Hollywood actor Rod Taylor, a favorite from such genre classics as THE BIRDS and THE TIME MACHINE, is currently reuniting with some feathered friends in Canada. The creators of KAW, a Sci Fi Channel movie scheduled to air in fall 2006, decided to employ some referential casting in their birds-gone-mad saga, and got Taylor involved.
The plot of the $1.3-million movie, directed by SHALLOW GROUND’s Sheldon Wilson, shot by that film’s John Tarver and written by Chuck Reeves, concerns a small town and its citizens who are suddenly attacked by thousands of vicious, psychotic ravens. The townsfolk (led by Sean Patrick Flanery from TV’s THE DEAD ZONE) learn that the flying killers have been infected with a mysterious new virus that is causing them to go insane. Complicating matters is a secretive Mennonite community living outside of town—people who knew about the impending threat the birds posed but said nothing to their neighbors.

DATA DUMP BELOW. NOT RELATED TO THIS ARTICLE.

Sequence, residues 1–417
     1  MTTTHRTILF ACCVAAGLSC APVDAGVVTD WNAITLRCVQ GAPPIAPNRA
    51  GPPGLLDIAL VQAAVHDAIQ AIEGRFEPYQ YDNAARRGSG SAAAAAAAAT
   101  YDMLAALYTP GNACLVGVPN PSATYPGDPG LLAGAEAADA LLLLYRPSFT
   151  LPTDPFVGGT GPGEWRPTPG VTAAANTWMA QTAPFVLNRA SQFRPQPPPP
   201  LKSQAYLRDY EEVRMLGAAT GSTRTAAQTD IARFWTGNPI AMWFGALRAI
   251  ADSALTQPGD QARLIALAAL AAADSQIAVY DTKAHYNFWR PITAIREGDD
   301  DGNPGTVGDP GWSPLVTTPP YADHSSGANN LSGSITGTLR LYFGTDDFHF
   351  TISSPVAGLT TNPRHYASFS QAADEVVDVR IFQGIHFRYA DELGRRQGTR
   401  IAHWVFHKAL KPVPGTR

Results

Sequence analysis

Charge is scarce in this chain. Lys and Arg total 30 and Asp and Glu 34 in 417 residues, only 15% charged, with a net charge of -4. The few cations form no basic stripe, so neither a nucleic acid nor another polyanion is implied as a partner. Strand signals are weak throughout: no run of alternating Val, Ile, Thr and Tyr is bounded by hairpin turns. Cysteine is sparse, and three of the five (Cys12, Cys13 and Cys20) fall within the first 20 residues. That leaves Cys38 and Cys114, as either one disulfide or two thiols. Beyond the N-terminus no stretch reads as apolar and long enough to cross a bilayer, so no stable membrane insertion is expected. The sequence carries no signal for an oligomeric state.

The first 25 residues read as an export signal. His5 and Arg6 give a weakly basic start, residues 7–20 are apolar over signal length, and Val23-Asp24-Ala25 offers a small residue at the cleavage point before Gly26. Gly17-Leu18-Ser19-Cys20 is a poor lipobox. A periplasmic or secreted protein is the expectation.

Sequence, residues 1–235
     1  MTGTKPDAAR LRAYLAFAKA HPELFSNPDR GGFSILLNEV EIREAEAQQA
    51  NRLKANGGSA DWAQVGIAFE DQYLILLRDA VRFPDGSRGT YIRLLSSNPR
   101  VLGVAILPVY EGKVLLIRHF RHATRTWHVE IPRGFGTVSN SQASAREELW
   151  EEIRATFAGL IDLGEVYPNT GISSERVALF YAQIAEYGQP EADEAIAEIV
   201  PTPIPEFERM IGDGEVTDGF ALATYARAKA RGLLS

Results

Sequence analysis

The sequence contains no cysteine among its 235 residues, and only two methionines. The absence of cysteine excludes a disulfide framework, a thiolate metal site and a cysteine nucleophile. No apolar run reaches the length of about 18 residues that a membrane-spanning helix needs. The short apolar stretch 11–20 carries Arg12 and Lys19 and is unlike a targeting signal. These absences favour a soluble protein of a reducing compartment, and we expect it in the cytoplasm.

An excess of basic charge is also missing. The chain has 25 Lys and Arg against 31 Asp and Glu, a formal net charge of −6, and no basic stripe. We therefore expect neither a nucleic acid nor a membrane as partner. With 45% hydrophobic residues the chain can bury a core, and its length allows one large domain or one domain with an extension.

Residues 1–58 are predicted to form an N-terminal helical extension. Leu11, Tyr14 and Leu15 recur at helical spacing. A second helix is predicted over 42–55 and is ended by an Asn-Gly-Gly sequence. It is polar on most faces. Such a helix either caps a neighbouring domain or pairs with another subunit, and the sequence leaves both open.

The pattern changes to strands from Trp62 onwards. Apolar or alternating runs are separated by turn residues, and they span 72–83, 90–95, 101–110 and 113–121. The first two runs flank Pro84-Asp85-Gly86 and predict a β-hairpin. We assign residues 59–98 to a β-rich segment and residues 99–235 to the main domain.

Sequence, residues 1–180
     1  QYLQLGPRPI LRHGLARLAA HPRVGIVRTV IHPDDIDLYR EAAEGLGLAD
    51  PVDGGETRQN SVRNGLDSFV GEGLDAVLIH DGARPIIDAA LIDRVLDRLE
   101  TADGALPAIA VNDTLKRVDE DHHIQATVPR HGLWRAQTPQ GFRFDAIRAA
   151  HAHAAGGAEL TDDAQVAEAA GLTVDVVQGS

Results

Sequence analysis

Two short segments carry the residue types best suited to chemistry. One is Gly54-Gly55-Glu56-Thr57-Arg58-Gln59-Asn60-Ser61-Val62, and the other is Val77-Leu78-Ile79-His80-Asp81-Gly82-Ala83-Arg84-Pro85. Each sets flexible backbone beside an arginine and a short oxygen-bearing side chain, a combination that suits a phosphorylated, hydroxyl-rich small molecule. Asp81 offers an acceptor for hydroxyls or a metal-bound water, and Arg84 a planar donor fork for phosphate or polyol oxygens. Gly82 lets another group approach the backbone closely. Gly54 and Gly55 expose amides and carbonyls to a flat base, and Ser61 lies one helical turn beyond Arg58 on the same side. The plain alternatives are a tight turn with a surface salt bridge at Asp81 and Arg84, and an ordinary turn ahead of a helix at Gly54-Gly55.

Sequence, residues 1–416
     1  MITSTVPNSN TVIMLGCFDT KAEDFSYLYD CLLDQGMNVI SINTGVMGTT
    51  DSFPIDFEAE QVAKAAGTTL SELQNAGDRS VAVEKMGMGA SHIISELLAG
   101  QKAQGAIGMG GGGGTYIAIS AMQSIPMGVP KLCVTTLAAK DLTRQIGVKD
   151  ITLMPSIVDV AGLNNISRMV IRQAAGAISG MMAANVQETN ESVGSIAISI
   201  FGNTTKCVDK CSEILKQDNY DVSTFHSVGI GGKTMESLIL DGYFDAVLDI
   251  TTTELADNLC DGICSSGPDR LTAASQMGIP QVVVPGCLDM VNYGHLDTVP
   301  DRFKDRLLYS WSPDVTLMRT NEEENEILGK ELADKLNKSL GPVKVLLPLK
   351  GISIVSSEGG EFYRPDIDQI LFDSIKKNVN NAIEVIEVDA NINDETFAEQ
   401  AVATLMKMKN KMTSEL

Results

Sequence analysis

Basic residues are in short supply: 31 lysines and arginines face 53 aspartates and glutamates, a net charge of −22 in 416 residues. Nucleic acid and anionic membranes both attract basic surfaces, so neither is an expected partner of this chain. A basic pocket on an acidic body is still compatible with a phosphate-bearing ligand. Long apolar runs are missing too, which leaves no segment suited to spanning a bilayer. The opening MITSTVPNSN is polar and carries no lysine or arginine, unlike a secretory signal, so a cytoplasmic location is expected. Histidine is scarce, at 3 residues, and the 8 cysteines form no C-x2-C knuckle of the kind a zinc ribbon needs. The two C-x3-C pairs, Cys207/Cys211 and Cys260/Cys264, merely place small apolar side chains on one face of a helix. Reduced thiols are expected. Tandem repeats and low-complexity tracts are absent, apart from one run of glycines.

“The difference between KAW and THE BIRDS is that in Hitchcock’s classic, a reason is never really offered to explain the birds’ behavior,” says KAW producer Gordon Yang. “This script ties into a lot of popular anxiety around natural disasters and things like the avian flu.”
When Taylor was approached about doing another film with feathered fiends, his response was straightforward: “I told them to f**k off,” he laughs. “No, really, I thought the script was fun. But special effects have changed now. Much of it is done by computer, whereas when we did THE BIRDS, there were thousands of real birds used on the set.”
Taylor says that working conditions on the set of the 1963 landmark were anything but ideal, true to the lore surrounding the film. “There were hundreds of birds and basically, they would just throw them at you for effect,” the actor recalls. “I felt most sorry for Tippi [Hedren], though; Hitchcock really gave her a hard time. She had a nervous breakdown on the set. She and the bird handlers, they were constantly having to run after the birds. They really only have about a dozen real birds on the set of KAW.”
Those dozen actual ravens were brought in from the Czech Republic, and were previously used on Terry Gilliam’s THE BROTHERS GRIMM. “These birds are fantastic,” Yang says. “And we are going to have sequences where the actual birds appear to attack an actor on the run.”